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News Article

Mexican Department Stores Approve Deferment of Payments

By Daniel González | Tue, 04/07/2020 - 14:39

Leading Mexican department stores have decided to take a step forward in protecting the loyalty of their customers by deferring credit card payments. The measure has already been adopted by El Palacio de Hierro, Liverpool and Suburbia. The three retail departments have decided to approve different measures to help customers who need a moratorium on their payments as a result of the expansion of COVID-19 in Mexico and the current economic crisis. The measure allows customers with accounts in good standing to defer payments for up to four months.

El Palacio de Hierro´s customers will receive an SMS on their mobile phones with the application form for the program. Once this procedure has been completed, the client must wait for the company to accept their petition. For Suburbia and Liverpool, if the client is unable to make the minimum payment for April, the account will be kept at its current status. However, the interest will be reflected in the next pay period. Department stores such as Sanborns, Coppel and Sears have not yet announced such measures in relation to their credit card policy.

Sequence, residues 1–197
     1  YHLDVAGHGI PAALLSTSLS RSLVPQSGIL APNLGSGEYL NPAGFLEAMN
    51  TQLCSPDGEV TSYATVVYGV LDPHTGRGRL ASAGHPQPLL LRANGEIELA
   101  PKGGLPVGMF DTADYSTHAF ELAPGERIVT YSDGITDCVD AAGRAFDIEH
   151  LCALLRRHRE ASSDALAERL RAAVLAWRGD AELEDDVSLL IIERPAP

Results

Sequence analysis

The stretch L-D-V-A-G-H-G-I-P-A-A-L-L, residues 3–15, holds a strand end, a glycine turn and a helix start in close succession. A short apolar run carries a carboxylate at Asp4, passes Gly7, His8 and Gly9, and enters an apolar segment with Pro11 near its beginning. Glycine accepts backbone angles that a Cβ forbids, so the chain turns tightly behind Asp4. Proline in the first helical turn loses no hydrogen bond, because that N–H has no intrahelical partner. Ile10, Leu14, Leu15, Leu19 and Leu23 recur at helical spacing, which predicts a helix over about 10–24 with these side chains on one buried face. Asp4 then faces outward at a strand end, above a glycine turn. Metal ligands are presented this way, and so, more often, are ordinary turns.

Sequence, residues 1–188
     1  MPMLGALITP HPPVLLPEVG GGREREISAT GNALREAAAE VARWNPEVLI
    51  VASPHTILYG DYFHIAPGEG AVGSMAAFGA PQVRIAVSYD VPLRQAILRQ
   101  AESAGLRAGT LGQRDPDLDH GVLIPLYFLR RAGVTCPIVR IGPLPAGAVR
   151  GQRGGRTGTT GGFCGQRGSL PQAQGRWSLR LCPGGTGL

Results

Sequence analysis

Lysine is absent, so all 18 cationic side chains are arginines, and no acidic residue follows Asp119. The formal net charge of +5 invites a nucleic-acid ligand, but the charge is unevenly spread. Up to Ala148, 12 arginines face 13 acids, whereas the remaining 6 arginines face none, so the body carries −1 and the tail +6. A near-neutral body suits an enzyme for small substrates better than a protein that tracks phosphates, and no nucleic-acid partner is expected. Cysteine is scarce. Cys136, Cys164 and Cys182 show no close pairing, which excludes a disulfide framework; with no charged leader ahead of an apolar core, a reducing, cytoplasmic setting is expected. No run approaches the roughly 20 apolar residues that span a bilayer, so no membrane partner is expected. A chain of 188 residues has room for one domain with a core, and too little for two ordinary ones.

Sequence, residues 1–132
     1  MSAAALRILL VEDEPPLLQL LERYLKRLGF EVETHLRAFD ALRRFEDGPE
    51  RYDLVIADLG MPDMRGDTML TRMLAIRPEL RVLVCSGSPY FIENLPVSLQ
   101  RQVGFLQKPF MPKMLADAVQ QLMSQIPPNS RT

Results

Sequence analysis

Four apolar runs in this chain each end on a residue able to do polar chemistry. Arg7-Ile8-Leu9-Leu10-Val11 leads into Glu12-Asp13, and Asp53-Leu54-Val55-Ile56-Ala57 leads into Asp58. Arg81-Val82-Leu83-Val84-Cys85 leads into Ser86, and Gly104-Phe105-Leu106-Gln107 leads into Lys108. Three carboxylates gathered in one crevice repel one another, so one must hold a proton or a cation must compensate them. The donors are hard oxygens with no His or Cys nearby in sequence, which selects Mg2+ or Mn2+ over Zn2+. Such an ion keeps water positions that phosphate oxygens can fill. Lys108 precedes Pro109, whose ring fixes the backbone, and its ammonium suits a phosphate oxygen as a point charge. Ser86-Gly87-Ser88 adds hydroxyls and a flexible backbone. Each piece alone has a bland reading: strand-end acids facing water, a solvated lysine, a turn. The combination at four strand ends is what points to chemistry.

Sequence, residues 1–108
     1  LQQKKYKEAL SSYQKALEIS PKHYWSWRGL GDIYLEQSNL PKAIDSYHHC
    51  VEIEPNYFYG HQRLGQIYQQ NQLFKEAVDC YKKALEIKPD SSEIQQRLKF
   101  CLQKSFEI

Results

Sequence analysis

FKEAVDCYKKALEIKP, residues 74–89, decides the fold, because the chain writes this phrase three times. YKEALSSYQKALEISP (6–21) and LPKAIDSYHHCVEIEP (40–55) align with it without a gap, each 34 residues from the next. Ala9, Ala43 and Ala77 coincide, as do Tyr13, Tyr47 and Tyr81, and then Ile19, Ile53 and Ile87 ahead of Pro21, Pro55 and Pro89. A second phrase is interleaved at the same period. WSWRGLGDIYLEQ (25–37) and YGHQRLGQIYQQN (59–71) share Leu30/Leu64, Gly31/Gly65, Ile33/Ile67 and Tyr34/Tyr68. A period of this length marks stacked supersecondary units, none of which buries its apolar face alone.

The measure comes at a complicated time for department stores following measures implemented by the Mexican government to control the expansion of COVID-19. According to consulting firm TiendaTec, between February 28 and April 5, Mexican department stores suffered a 98 percent drop in visits, while some had already closed their doors in an attempt to curb the COVID-19 expansion curve. According to TiendaTec, the greatest drop in visitors was in shopping centers in the north of the country, where the number fell by 80 percent, while in the south of the country the drop was 63 percent. “Supermarkets and pharmacies bring steady traffic to shopping malls, but businesses like cinemas have already closed,” said Zayra Gaona, Analyst at TiendaTec, in an interview with El Economista.

On March 30, the Mexican government declared a national health emergency, announcing the immediate suspension of all non-essential activities. This measure will be in force in the country until April 30 in an effort to stop the spread of COVID-19.

The data used in this article was sourced from:  
El Economista, TiendaTec, El Financiero
Daniel González Daniel González Senior Writer